Supportive ways to redirect potential sharing of interpersonal violence
Below are some ideas provided by The Phoenix Center that faculty and staff can use in cases where a student may begin sharing an incident related to interpersonal violence. Giving options and choices is one way to empower someone who has been victimized and give back some of the control that was taken from them. Since most faculty and staff are mandated to report issues of violence, including sexual misconduct, students need to know the places on campus they can go to in order to speak with someone in a confidential manner.
- "It sounds like you are dealing with a lot. Before you say more I want to ensure that you are aware of my role on campus as a mandatory reporter."
- "It seems like you may need someone to talk to and I want to make sure that I get you to the right person so that we can get you the appropriate support."
- "I can see that something is troubling you. If you would like to speak to someone confidentially I would suggest..."
- "I want to remind you before you go any further that I am a mandatory reporter of issues related to student and campus safety. What this means is that most people who work on campus are required to tell someone if you share information about another member of campus being unsafe or violent. There are confidential resources I can make you aware of."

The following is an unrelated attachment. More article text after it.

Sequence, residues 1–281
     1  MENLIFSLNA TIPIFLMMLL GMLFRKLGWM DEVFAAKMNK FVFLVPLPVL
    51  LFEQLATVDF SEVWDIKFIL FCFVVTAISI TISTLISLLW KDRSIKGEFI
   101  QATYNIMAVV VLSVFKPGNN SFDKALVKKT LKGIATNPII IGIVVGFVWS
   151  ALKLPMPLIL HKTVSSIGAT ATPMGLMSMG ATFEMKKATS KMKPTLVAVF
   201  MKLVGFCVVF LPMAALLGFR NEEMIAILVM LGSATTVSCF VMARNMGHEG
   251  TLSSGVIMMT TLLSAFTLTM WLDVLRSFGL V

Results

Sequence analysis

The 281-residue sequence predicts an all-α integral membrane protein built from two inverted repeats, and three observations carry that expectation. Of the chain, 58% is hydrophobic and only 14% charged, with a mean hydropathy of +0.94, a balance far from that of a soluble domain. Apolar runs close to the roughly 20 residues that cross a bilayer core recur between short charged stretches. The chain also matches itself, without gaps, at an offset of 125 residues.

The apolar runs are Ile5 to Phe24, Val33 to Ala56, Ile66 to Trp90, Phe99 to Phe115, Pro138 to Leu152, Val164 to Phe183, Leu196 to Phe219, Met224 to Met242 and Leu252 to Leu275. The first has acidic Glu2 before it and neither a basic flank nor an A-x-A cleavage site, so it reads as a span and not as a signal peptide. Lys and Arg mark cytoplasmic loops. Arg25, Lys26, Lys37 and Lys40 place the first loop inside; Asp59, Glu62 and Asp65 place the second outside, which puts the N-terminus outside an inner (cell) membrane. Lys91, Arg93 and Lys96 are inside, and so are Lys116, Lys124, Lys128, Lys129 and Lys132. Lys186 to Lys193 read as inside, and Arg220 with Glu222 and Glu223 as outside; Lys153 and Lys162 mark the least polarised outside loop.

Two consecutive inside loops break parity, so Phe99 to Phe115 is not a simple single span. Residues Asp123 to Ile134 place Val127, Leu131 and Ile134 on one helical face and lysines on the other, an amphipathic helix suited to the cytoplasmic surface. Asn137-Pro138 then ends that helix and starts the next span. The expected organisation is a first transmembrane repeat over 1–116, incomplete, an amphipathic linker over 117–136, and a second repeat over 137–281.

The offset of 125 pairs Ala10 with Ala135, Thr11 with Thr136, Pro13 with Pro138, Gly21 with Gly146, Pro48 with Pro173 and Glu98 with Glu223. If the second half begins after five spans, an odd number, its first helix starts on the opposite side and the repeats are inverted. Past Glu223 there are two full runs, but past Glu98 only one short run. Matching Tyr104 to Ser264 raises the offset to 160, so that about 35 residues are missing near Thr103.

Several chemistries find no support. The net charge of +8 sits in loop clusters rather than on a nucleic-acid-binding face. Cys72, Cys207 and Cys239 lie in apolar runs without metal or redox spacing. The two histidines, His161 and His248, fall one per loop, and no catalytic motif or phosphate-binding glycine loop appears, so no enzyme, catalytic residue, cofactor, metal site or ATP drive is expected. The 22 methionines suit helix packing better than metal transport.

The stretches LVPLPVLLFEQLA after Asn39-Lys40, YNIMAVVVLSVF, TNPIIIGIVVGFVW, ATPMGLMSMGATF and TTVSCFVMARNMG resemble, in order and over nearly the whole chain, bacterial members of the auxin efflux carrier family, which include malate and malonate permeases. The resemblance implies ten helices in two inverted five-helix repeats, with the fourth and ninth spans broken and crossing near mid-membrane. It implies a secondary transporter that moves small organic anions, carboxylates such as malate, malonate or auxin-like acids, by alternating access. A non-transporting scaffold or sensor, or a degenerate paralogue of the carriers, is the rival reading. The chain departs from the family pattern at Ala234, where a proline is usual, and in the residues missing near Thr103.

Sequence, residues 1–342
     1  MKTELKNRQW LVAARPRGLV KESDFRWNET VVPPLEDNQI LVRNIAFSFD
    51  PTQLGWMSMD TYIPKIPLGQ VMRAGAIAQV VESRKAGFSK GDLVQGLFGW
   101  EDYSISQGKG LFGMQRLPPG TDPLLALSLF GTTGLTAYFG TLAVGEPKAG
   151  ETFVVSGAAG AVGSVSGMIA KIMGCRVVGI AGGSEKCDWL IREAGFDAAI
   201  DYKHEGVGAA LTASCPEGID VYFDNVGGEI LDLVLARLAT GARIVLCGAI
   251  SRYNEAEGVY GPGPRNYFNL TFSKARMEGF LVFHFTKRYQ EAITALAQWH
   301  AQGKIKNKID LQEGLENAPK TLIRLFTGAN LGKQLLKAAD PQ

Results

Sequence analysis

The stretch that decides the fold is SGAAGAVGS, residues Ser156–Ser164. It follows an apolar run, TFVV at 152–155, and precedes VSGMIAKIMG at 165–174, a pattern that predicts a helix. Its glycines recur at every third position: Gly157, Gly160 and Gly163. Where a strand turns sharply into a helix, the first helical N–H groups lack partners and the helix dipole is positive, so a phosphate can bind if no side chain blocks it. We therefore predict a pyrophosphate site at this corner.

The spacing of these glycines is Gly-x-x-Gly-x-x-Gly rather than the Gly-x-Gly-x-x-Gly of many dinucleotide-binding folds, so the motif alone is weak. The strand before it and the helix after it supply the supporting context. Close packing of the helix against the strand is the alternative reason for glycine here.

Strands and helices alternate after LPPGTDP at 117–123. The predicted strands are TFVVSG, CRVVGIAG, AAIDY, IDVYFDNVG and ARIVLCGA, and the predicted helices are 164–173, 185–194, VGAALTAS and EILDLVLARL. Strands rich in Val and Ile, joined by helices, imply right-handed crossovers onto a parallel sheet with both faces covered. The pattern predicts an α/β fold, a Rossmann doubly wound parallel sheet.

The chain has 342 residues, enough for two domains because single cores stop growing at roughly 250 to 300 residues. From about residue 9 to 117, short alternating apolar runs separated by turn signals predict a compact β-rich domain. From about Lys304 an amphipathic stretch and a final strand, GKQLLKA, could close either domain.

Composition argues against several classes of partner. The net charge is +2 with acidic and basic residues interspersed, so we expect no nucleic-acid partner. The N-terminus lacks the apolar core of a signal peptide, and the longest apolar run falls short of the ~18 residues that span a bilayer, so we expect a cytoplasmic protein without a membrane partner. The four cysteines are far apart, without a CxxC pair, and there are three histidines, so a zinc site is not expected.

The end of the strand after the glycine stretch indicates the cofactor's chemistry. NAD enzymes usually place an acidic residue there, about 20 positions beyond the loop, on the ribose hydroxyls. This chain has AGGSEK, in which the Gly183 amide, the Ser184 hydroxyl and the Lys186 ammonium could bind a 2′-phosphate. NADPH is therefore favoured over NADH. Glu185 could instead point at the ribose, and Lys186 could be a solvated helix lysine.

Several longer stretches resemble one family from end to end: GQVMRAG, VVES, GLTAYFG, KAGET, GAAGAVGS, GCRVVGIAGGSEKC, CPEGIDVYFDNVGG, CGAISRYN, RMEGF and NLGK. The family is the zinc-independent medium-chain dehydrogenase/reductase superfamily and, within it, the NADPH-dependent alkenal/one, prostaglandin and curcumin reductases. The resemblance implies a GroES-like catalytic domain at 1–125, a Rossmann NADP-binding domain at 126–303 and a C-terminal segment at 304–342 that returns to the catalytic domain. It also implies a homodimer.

If the student continues to share information with you after letting them know about your mandatory reporter status, some ways to respond include:
- "I believe you."
- "I am sorry this happened to you."
- "No one deserves to be abused."
- "This was not your fault."
- "You did not deserve to be hurt."
- "I need to let the University know about what has happened but I want you to know that I'm only going to tell those that can help."
Then, file a report with Student Conduct by calling 303-615-0220, visiting the office in Tivoli 311, or filing a report online at the report an incident site.
Some things to avoid saying when responding include:
- "Why did you...?"
- "You really should have done/said..."
- "Everything will be okay."
- Avoid words or phrases like "need to," "must," "should," or "have to."
- "Maybe they misunderstood you."
- "I am sure they didn't intend to hurt you."
- "You have to report to the police."